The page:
An ultrasound device creates images, simply by sending short bursts of “waves” into the body. Understanding how these waves behave will be helpful in understanding how to optimize your ultrasound settings and images. I’ll make it as simple as possible for you and just go over the things I have found to be most relevant to be able to use the ultrasound machine.

Frequency and Wavelengths

Now I’m sure you’ve heard the word “Frequency” a lot when it comes to ultrasound transducers. Such as high versus low frequency ultrasound probes. But what exactly does that mean? Okay let’s get some definitions out of the way:

Wavelength = length or distance of a single cycle of a wave.

Frequency = the number of sound wave cycles per second.
The equation for Frequency = Speed of sound wave/Wavelength

So you can see from the equation, as wavelength increases, frequency decreases (and vice versa). This is because Frequency is inversely related to wavelength. The SHORTER the wavelength the HIGHER the frequency and the LONGER the wavelength the LOWER the frequency.

Frequency versus Wavelength Ultrasound Relationship
Relationship between Frequency and Wavelength

This is why higher frequency ultrasound probes will give you better resolution compared to a lower frequency probe. A high-frequency ultrasound probe will emit shorter wavelengths, so tissues will receive more ultrasound “waves” per unit of time with a high-frequency probe. However, the trade-off with high-frequency probes is decreased penetration because the piezoelectric crystal can only send so many ultrasound waves out before the waves dissipate.

Here is a graph showing the relationship between the frequency of an ultrasound probe and the resolution versus penetration it is able to achieve.

  • Phased array probe: great penetration, okay resolution
  • Curvilinear probe: good penetration, good resolution
  • Linear probe: poor penetration, great resolution
High and Low Frequency Ultrasound Probes - Resolution versus Penetration Graph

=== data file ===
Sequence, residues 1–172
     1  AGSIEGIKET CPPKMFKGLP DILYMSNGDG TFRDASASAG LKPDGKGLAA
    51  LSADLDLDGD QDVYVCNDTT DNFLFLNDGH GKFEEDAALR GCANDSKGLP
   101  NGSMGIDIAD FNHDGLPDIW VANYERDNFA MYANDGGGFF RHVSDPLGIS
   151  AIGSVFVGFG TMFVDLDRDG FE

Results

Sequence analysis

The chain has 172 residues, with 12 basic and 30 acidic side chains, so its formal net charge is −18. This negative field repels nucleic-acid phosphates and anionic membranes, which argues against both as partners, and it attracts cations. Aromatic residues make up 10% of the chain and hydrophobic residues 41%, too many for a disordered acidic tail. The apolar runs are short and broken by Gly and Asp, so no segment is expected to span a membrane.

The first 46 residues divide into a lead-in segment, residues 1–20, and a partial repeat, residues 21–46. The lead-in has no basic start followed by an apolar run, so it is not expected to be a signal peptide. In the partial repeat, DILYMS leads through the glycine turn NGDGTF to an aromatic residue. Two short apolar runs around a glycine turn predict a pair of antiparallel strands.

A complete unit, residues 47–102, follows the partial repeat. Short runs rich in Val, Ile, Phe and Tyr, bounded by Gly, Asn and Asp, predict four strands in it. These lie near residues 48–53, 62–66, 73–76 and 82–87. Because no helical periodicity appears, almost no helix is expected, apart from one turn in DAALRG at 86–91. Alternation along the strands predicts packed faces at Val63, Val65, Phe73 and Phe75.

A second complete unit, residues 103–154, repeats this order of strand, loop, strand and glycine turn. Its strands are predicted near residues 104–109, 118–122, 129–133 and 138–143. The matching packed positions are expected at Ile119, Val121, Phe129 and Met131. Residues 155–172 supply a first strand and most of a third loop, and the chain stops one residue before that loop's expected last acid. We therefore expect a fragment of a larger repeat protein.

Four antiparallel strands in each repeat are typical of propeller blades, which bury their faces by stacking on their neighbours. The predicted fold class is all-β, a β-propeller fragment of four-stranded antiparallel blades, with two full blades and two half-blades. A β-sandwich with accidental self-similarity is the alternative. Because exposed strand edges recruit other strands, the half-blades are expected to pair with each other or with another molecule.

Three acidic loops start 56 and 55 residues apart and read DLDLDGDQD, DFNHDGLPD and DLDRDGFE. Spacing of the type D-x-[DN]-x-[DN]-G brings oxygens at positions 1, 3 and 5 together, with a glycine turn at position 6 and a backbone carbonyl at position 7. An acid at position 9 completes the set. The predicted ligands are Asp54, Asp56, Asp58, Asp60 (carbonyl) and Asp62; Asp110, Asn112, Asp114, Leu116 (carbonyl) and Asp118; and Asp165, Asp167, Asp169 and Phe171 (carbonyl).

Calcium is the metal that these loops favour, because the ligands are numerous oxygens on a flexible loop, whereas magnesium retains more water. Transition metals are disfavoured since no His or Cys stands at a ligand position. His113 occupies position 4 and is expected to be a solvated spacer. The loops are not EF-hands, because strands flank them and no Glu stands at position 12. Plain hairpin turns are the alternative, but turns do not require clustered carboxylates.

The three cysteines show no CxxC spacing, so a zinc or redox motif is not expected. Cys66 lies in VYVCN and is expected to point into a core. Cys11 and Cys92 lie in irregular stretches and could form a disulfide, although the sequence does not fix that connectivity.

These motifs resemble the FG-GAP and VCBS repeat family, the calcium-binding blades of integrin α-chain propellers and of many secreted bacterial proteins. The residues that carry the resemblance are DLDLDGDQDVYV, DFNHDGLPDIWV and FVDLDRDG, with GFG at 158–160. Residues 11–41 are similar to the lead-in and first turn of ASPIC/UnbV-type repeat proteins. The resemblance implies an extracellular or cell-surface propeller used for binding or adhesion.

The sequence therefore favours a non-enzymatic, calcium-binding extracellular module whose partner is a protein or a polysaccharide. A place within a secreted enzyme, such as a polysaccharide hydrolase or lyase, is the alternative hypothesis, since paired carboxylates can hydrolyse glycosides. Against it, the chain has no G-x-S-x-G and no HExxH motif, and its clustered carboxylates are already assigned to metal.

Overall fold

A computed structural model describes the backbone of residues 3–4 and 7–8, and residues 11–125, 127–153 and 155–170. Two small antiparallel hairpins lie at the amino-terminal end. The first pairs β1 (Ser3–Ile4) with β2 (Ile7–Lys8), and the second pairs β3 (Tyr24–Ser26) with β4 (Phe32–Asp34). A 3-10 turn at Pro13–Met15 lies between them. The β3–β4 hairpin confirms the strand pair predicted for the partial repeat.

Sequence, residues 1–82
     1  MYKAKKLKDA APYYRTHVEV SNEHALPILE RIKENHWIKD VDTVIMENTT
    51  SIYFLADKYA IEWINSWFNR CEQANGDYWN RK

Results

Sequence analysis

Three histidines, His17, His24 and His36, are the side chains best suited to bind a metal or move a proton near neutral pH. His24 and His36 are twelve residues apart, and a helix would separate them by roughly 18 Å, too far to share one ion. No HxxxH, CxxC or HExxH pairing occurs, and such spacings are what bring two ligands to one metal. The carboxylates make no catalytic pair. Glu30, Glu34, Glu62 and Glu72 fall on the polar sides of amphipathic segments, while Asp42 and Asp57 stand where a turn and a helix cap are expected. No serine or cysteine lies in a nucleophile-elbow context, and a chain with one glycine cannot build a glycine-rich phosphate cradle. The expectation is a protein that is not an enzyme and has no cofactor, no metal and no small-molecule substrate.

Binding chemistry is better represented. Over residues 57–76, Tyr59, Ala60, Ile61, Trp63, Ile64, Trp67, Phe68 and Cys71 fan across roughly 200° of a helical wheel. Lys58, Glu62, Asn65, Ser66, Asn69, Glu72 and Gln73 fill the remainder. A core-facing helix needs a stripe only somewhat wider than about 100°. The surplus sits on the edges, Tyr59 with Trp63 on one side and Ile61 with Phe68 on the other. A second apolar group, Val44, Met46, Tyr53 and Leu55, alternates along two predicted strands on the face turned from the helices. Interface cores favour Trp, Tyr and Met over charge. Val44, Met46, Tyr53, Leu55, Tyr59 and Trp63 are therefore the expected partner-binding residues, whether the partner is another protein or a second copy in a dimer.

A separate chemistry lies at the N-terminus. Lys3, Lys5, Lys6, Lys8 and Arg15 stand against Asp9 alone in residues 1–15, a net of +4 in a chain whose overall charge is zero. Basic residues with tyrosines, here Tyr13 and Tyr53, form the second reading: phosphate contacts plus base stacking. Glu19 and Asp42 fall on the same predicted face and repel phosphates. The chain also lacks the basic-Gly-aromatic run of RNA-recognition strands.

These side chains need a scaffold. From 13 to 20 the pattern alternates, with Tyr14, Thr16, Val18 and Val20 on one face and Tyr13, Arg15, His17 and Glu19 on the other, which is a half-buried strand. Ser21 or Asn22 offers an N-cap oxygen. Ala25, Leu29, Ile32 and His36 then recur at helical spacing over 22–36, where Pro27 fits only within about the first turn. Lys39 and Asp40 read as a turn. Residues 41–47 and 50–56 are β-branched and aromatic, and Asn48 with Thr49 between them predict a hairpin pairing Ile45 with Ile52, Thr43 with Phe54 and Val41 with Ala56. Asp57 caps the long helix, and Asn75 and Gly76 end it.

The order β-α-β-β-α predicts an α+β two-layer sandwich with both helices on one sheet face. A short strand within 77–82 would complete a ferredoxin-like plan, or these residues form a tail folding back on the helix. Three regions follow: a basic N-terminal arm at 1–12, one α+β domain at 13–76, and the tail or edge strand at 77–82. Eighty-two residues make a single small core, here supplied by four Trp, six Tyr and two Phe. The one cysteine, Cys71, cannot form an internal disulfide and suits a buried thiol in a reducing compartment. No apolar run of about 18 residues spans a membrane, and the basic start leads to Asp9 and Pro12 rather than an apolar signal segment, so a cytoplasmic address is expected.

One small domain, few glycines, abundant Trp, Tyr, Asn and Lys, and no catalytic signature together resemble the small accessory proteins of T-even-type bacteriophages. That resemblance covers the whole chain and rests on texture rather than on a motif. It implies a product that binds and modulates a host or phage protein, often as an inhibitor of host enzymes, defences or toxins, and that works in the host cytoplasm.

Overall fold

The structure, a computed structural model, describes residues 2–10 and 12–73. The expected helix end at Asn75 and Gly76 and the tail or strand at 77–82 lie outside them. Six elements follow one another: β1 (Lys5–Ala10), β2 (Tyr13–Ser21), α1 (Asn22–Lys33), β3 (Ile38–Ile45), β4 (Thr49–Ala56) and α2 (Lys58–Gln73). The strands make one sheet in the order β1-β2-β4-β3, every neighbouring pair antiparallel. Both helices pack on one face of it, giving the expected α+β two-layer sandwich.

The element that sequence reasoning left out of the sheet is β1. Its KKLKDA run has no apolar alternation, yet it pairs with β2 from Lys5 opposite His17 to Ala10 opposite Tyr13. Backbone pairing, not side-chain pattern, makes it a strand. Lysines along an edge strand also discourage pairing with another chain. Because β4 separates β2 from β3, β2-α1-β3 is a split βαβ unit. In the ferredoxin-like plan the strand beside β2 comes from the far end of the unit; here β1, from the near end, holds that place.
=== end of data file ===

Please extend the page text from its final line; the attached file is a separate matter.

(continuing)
Ultrasound Probe Frequency Relationship to Resolution and Penetration

Speed of Sound In Different Mediums

Now the “speed of sound” is also often referred to with ultrasound. So why is the speed or velocity of sound so important?

Well, the exact speed of sound in specific tissue does not actually mean much to you clinically. However, the change in speed between two different mediums is extremely important. This is the essence of how ultrasound waves reflect and refract to create important ultrasound artifacts. So while you don’t need to know the exact speed of sound in certain tissue you do need to understand how the speed of sound changes between different mediums such as soft tissue, fluid, air, and bone.

The average speed/velocity of sound in all mediums is 1540 cm/s. However, depending on what medium the sound waves travel through, it can drastically change the propagation speed of sound as it passes through.

Two of the factors that affect the speed of sound are the stiffness and density of the material it is traveling through. The stiffer the medium, the faster the sound waves will travel and that is why sound waves travel faster in solids than in liquids or gases. So the ultrasound propagation speed from slowest to fastest is: Lung (air) << Fat < Soft tissue << Bone. This happens because stiffer mediums have tighter particles to propagate the ultrasound wave and therefore the velocity is greater.

Acoustic Impedance – Reflection and Refraction

Acoustic Impedance is the Resistance to Ultrasound Propagation as it Passes Through a Tissue

Acoustic Impedance is probably one of the most confusing terms when trying to learn ultrasound physics.

Acoustic Impedance (Z) is actually a physical property of a medium or tissue. It is dependent on the tissue density and the speed of sound through that tissue.

Impedance = Density x Propagation Speed of Sound Wave

So if the density of a tissue increases, the impedance (resistance) will increase as well. Refer to the ultrasound physics table again:

Tissue or MaterialDensity (g/cm3)Speed of Sound (m/s)Acoustic Impedance (kg/[s m2]) × 10^6Attenuation (dB/cm/MHz)

Reflection of Ultrasound Waves

The importance of Impedance in ultrasound becomes apparent at the interface of two tissue types with significantly different impedance values. Ultrasound waves will reflect when this situation occurs. The proportion of ultrasound waves reflected back is proportional to the difference in impedance (or density) of two tissue types

REFLECTION occurs with ultrasound waves when two adjacent tissues have Significantly Different Impedance Values.

This is why bone and air appear as bright lines on ultrasound and also why you get the reflected “A-Lines” with pulmonary ultrasound. There is such a large difference between impedance of tissue and bone/air that they will cause almost all of the ultrasound waves to reflect back instead of penetrating through. What is interesting is that the impedance values of Air (extremely low at 0.0004) and bone (very high at 12), both cause reflection because of its drastic difference from the impedance of soft tissue (approximately 1.6).

Ultrasound Physics Reflection Artifact Impedance
Ultrasound Physics – Reflection
Normal Lung
Ultrasound Reflection with “Bright” Pleural Line and A-lines